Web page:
Thursday, March 18, 2010

Thailand: Red protests and government's failure to get message out

Thailand’s Red protest disgusts most people, but the government is not getting its message across that it supports rural people.

What a waste of blood that was splashed on fences and pavements. Obviously, it was good for photo opportunities for the global media, but it was in bad taste and grotesque. The blood, even though it was drawn under distress, could have saved hundreds of lives if it was donated to hospitals. Whoever came up with this idea is really a bloodsucker because he or she did not think deeply about what the reaction and consequences would be. The red protestors could have scored high points if their leaders just took a few drops for their much-publicised voodoo rituals instead of emptying bottles of blood on the streets.

Amazingly, some of the leaders of the red shirts have given themselves credit for this new gimmick. They needed a dramatic shift from their failed ultimatum to the government a day earlier, thus the focus on bloody shenanigans. But it was a bad strategy. It turned most people off. A non-violent rally turned into a bloody, superstitious ritual? Only fools will understand and appreciate that.

Of course, Thaksin will have the biggest laugh. Just keep doling out the baht bills and the red shirts will swarm to key traffic intersections in Bangkok. After all, punishing Bangkokians is a good way to remind the rural masses of their grievances. With only 55 per cent of his Bt76 billion in assets permanently seized, he still has tons of money to finance the movement in the future, even though he is gradually losing his Midas touch.

How long can he keep "twittering" his messages and urging thousands of people to fight for him in the Bangkok heat while he and his family bask the Balkans sunshine. It is almost certain he can continue to do so without any success until he dies.
The worst is not over, as the political contest will continue, but in a more subtle way, as long as the issues of disparity between the haves and the have-nots, and the rural-urban divide are not systematically and fully addressed.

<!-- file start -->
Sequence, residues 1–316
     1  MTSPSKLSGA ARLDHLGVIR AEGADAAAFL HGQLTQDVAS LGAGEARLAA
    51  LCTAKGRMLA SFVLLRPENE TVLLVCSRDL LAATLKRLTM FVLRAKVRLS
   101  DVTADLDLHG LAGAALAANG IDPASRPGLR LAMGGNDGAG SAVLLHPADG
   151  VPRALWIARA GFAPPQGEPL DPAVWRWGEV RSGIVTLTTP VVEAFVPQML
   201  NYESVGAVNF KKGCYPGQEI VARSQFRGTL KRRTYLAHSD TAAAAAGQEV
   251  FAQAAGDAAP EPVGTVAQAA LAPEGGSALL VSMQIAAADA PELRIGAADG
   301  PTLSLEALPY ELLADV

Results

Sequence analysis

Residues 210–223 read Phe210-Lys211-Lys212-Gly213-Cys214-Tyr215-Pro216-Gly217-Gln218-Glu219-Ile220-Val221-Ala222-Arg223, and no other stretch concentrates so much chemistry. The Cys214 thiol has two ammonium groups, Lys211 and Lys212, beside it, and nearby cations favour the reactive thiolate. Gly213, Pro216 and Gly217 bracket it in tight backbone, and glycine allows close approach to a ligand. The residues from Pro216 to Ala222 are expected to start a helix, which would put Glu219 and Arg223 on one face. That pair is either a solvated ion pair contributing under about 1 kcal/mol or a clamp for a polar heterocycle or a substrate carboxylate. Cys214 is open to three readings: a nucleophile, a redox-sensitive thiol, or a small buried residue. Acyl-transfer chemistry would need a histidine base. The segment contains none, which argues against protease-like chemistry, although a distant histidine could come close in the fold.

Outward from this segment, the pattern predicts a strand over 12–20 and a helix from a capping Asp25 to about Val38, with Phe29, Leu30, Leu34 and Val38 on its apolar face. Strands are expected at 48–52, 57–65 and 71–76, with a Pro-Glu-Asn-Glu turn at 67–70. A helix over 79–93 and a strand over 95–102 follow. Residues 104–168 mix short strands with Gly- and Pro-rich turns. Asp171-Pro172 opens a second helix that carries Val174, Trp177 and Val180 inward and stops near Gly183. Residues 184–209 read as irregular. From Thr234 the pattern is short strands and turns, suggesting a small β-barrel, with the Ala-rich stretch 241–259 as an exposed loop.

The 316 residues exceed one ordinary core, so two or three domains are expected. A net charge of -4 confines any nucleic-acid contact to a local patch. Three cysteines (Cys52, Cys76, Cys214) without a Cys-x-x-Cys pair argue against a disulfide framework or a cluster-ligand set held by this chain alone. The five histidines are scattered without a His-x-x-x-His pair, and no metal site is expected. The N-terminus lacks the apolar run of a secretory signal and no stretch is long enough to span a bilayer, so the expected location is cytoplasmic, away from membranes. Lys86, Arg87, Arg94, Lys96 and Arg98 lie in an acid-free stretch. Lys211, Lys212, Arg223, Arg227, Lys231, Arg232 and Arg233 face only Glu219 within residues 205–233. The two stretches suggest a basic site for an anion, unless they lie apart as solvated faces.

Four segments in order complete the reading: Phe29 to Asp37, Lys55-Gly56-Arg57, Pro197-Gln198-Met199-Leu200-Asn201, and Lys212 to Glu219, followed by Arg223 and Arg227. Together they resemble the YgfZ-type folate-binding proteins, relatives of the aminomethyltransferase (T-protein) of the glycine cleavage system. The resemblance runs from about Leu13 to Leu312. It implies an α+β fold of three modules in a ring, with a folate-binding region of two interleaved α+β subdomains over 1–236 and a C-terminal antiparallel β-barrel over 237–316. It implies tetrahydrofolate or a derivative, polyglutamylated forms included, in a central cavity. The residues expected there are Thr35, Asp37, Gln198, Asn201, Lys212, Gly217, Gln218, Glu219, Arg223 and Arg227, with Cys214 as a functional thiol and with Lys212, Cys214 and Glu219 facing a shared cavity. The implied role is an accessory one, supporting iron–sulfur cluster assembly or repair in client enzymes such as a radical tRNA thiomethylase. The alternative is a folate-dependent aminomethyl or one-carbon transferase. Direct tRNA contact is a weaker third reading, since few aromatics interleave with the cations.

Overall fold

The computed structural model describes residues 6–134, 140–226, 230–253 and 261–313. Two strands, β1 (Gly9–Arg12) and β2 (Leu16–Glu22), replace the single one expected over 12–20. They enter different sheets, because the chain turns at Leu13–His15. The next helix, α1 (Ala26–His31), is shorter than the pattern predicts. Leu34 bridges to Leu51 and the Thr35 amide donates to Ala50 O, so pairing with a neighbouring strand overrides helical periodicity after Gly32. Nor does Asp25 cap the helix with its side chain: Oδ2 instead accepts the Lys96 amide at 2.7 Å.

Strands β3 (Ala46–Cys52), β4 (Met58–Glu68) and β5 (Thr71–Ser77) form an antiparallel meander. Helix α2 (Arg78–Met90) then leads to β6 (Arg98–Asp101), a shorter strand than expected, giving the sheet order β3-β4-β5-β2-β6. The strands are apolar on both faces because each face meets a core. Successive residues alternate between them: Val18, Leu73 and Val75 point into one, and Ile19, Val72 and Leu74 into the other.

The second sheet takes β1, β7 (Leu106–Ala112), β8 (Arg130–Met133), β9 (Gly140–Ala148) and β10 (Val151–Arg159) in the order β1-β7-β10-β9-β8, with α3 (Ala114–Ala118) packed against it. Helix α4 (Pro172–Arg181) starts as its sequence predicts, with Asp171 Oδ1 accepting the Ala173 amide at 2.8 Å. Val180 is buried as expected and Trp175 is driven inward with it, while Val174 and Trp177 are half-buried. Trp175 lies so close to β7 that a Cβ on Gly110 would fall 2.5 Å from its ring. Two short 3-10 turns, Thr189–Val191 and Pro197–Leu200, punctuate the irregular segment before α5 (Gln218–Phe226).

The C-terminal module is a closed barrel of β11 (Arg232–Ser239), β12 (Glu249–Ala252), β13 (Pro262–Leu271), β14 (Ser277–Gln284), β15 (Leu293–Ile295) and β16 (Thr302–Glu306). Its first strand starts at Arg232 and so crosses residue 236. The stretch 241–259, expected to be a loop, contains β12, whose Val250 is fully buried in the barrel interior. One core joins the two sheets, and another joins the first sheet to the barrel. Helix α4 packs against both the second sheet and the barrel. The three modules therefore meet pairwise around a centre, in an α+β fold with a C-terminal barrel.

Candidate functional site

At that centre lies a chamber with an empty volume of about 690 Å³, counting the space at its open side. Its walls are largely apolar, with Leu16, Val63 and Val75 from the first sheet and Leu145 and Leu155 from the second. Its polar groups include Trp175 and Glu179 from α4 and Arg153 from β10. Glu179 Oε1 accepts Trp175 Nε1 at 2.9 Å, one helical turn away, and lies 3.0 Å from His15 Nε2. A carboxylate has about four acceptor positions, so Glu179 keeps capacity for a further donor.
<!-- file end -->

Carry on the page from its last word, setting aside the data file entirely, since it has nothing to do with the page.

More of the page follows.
The demonstrators have achieved one thing: their routine highlighting of these issues has now sunk into the public conscience. So, they have to ponder the next level of engagement with the government - but not through jamming the streets and ranting through loudspeakers.

The call for a House dissolution and a new election is a non-starter. Nobody can dispute the fact that an election is an important element in democratic governance. A credible, free and fair election must be held in an environment that is secure and fair to every political entity. But with the situation as it is now, the conditions are not conducive. Some political parties cannot access certain provinces.

Therefore, it is incumbent on the government to broaden dialogue with the protesters and address their real grievances. To be fair, since the government came to power a year ago, PM Abhisit has made some progress, despite the failure of the media to take notice, on various programmes to improve the livelihood of rural people in sustainable ways.

Certainly, those who have come into Bangkok to protest were the early recipients of Thaksin's populist give-aways. As a result, they were impressed by Thaksin. So it is not easy to trump that strong impression among the Isaan people. Indeed, it should serve as a barometer for Abhisit to try harder to win the hearts and minds of these people.

Truth be told, the current government has instituted broader populist programmes with similar objectives. The government has instituted a transparent mechanism to ensure that funding goes to rural people. But disposal of state budgets is still slow - something the government needs to improve. Rural people cannot wait for the government to come to them, as they have other things to do. Therefore, the government must reach out in all possible ways to them. Abhisit is moving in the right direction but he must move faster. The rural poor are losing patience.
Editorial, The Nation, Bangkok

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